As leaders and activists from diverse ethnic communities we affirm that we stand in solidarity…
A memo has been submitted by Burma Task Force to USAID asking for educational access for the Rohingya refugees. The text of the memo submitted is below:
September 9, 2021
Ms. Kathryn Stevens,
Mission Director USAID/Bangladesh
CC: to Ms. Mackenzie Keller, Bangladesh Desk Officer
A MEMO FOR INTERNATIONAL LITERACY DAY
Dear Ms. Power, Ms. Stevens and colleagues:
Burma Task Force, a program of the Human Rights Advocacy NGO Justice for All, works to prevent and mitigate mass atrocities and stop the persecution of minorities. Originally formed to stop the Bosnian genocide, our NGO now works with impacted communities such as the Rohingya, the Uyghur, and the Muslim minorities in India and Sri Lanka.
The Rohingya diaspora leadership, and refugee leaders in Bangladesh and Malaysia have all implored us to give attention to the denial of education to Rohingya children. Earlier this summer we launched a new campaign on this important topic, publishing a new report “Let Them Learn: Confronting the Need for Rohingya Education,” which can be downloaded at https://www.burmataskforce.org/let-rohingya-learn
Despite a reluctance to criticize the government of Bangladesh, shared by many humanitarian agencies, we note that its policies towards Rohingya education remain highly restrictive. Since repatriation to a military-dominated Myanmar is highly unlikely to happen in the near future, Bangladesh does have a legal obligation to open schools in the camps. Failure to do so is, frankly, another aspect of genocide and erasure of a people.
Therefore, we strongly request that USAID ensure school services are provided without further delay by earmarking funds from its humanitarian aid. And whether or not the requirement is made explicit, it’s crucial to make educational access a condition for continued funding, at least in effect. To do less will lead to further delay and further harm to the 600,000 children in the camps of Cox’s Bazar.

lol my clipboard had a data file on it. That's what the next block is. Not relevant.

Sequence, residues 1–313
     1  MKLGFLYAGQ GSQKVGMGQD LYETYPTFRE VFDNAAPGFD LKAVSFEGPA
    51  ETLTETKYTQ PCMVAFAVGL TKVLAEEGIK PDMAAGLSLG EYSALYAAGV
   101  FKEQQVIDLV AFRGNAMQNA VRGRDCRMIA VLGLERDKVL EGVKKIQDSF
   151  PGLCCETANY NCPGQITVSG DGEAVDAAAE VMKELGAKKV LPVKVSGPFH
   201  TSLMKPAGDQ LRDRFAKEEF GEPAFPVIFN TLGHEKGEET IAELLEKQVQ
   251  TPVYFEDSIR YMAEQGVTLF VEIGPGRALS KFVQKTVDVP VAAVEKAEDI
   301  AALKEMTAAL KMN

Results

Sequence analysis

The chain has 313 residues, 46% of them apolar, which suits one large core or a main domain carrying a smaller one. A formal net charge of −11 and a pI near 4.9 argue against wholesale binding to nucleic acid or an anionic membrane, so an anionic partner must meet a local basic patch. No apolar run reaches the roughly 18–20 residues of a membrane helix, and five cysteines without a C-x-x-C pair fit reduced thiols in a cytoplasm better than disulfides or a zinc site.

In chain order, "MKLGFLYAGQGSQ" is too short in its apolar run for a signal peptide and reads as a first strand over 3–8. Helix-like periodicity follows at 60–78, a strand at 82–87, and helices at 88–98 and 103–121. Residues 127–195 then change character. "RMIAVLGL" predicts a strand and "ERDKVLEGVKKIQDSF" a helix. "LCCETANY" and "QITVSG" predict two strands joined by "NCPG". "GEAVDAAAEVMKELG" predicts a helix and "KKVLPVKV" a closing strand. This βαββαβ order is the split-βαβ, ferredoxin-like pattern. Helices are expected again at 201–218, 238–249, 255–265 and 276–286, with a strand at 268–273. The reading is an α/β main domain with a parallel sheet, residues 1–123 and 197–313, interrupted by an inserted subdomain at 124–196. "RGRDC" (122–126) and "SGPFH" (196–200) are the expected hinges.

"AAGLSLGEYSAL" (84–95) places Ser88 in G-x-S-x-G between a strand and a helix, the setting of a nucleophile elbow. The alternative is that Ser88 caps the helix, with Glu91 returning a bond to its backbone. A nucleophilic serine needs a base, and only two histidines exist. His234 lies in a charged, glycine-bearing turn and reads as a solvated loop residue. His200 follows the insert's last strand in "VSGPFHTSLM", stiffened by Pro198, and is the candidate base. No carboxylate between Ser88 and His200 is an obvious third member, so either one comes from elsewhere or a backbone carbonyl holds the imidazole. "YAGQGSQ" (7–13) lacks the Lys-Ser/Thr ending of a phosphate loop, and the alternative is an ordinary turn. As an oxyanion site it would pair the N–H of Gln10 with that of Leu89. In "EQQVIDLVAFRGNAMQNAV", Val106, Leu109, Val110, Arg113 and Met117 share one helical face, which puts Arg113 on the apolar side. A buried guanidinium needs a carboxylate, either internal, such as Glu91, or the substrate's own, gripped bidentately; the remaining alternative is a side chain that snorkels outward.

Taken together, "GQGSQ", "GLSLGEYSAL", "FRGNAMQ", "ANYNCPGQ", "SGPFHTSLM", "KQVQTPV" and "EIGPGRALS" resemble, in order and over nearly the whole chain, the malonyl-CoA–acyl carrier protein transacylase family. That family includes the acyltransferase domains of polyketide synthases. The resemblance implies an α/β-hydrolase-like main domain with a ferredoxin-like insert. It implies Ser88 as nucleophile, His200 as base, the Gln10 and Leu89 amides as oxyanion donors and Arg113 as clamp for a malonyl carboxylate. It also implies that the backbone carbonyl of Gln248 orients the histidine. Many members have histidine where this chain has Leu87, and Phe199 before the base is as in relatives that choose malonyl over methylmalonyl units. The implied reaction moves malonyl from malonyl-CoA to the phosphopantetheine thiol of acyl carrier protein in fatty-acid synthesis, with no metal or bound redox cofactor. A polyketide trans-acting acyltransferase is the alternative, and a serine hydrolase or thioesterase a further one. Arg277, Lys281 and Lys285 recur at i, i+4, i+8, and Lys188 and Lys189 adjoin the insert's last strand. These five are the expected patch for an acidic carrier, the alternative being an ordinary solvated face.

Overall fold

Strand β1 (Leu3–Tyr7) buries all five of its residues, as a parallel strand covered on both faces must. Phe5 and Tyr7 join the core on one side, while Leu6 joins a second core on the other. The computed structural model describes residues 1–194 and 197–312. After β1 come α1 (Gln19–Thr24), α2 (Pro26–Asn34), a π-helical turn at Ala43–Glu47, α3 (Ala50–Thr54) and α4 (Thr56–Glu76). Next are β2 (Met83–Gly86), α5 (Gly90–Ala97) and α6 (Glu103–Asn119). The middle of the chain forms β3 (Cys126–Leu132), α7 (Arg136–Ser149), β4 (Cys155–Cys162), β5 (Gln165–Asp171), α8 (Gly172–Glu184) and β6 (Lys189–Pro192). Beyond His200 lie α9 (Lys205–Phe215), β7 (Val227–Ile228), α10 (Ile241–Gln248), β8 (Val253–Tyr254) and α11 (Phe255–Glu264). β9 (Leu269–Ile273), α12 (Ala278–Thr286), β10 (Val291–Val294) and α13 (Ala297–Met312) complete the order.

Recognizing that the area of Cox’s Bazar also requires development and support for it’s education system, we support USAID helping both the host community and the refugee community.However, Rohingya need are profound and urgent. As a persecuted minority, Rohingya Muslims have long faced drastic limits on access to school in their homeland of Rakhine State, Burma. Since they fled the 2017 genocide, hundreds of thousands of Rohingya ch ildren have been crowded into vast refugee camps in Cox’s Bazar, Bangladesh. Despite the hospitality of the Bangladesh nation, Rohingya access to education has been extremely limited. It is time to expand access to education, both with in person classes and online distance learning:
- The Bangladesh Government should cease all internet shutdowns and restrictions on mobile phones, to allow distance learning to develop.
- The government should lift limitations on levels of instruction, choice of language, and language of curriculum
- Authorities should provide certifications for all levels of education to allow a path to higher education
- Authorities should partner with Rohingya leadership in camps, including youth leaders
- Authorities and donors should also allow funds to flow into Rohingya-run schools, and not limit their support to “Learning Centers” run by INGOs.
In addition to keeping the Rohingya people in poverty, the current lack of educational opportunities can lead to alienation, criminal activities, child marriage and trafficking. The coronavirus pandemic has further exacerbated poverty and isolation. We trust USAID will help with this crisis situation. Children should not be treated this way. It’s simply unacceptable.
Abdul Malik Mujahid
Burma Task Force/Justice for All